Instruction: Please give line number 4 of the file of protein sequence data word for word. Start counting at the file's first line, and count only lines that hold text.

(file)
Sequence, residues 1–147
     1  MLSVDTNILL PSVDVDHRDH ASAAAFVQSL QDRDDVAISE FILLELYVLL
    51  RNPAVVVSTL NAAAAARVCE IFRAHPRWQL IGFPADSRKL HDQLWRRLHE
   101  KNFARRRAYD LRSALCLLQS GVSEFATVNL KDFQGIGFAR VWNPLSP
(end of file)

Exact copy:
   101  KNFARRRAYD LRSALCLLQS GVSEFATVNL KDFQGIGFAR VWNPLSP